According to initial estimates by Israeli and Palestinian groups, about 1,000 Gaza combatants may have died in the 50-day summer war between Hamas and Israel, which has the best-equipped army in the Middle East. Analysts estimate that al-Qassam, the largest and best-equipped of the half-dozen militias in Gaza, has 20,000 or 25,000 fighters in its ranks.
The heavy losses of the summer do not appear to have dimmed the zeal of Gaza’s young men, who said they were ready to fight the Jewish state again. Hamas and Israel have fought three wars in the past six years, and the Hamas movement remains in control in the Gaza Strip.
Ahmad Ismail, 16, dressed in a black Qassam T-shirt, said after his graduation: “I have received training on using weapons, especially rifles, and climbing on ropes, marching, shooting, rocket-propelled grenades and mortars. We also had practical training and got to shoot the Kalashnikovs.”
He said: “I wish I could join Qassam Brigades now. I want to fight Israel. I want to kick them out of our land. I am ready now.”
Israeli military intelligence officers say the Hamas military wing will easily recruit more troops. “There is no shortage of manpower in Gaza,” said one Israeli officer selected to speak to the foreign media. He spoke on the condition of anonymity because of Israeli military protocol.
The Israeli officer said Hamas was “assembling new rockets as fast as they can”. He said it didn’t matter if longer-range rockets and their propellants might not be available because the military-led government in Egypt has closed down most of the smuggling tunnels into Gaza.
“Hamas is making plenty of rockets,” he said. Hundreds a week, thousands a month, he added, and the militias in the strip would be fully armed and staffed in a few months.
“The decision to go to war is a political one for Hamas,” he said. “On the military side, they’re ready to go today.”
Ibrahim Shinbari, 15, said: “I joined the camp because I want to know how to confront the Jews when they invade our land. We have to learn how to use the gun. I want to retaliate for my friends and neighbours who were killed by Jews.”
One of his friends at the camp said: “Every day we have someone from Hamas giving us a lesson on jihad and the importance of it. We have videos on the military operations that were done by Hamas in the last war.”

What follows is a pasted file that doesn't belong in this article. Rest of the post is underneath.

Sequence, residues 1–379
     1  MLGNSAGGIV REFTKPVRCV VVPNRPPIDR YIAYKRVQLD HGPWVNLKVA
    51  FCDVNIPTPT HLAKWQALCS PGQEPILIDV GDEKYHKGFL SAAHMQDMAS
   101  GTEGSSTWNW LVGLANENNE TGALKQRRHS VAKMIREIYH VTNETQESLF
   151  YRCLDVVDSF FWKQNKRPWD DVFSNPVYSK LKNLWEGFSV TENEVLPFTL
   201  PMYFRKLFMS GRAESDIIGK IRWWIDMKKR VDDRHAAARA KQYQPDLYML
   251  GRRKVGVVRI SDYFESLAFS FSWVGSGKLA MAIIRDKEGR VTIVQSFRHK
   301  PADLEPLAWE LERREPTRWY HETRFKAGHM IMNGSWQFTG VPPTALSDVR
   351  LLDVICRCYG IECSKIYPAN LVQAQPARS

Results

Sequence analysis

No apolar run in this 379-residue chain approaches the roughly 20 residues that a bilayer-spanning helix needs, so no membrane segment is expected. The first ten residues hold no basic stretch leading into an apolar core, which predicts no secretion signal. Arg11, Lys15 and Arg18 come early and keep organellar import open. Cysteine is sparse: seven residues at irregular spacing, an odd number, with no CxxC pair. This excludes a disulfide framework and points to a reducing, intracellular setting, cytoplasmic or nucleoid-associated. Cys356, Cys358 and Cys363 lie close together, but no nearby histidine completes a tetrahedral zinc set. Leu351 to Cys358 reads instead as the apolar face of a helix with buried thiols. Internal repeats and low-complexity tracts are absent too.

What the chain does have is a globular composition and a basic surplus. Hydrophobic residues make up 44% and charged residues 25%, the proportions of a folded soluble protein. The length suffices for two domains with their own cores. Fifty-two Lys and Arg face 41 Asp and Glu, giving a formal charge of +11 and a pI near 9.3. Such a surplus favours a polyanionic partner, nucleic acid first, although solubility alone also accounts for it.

He said he was ready to join as soon as the brigades would have him. “They are the most powerful army in Palestine,” he said. “They taught the Jews a hard lesson not to come back to Gaza.”
The teenagers were formed into squads and companies. They learned to march in close order, to count off their steps. Some squads were ordered to take a knee and watch a Qassam officer break down and reassemble a Kalashnikov rifle. Other groups were doing push-ups. The camp was hidden from the street by high sand berms but open to the skies.
A Qassam fighter in camouflage and a cap said: “We don’t care what the Israeli satellites can see,” and pointed in the air.
“We’re trying to teach the basics,” said a trainer named Abu Hamza. “One week, nothing more, not too hard.”
He said that on the first day, the camps sent home hundreds of boys who were 12 or 13 years old. “They were standing on their tiptoes trying to get in. We told them come back next year. They went home crying.”
The trainer said that with more than 2,100 Palestinians killed in the summer war with Israel. “We have plenty who want to join. They want to retaliate. They want revenge. Especially those who lost a family member.”
The graduation ceremony in Gaza City was attended by the top Hamas official in the enclave, Ismail Haniyeh. A senior Qassam commander, Khalil Haiyah, told the audience that even though his militia “is busy getting ready for the next battle and restoring its power”, the officers thought it important to train the “next generation as we prepare for Jerusalem, the West Bank and Palestine”.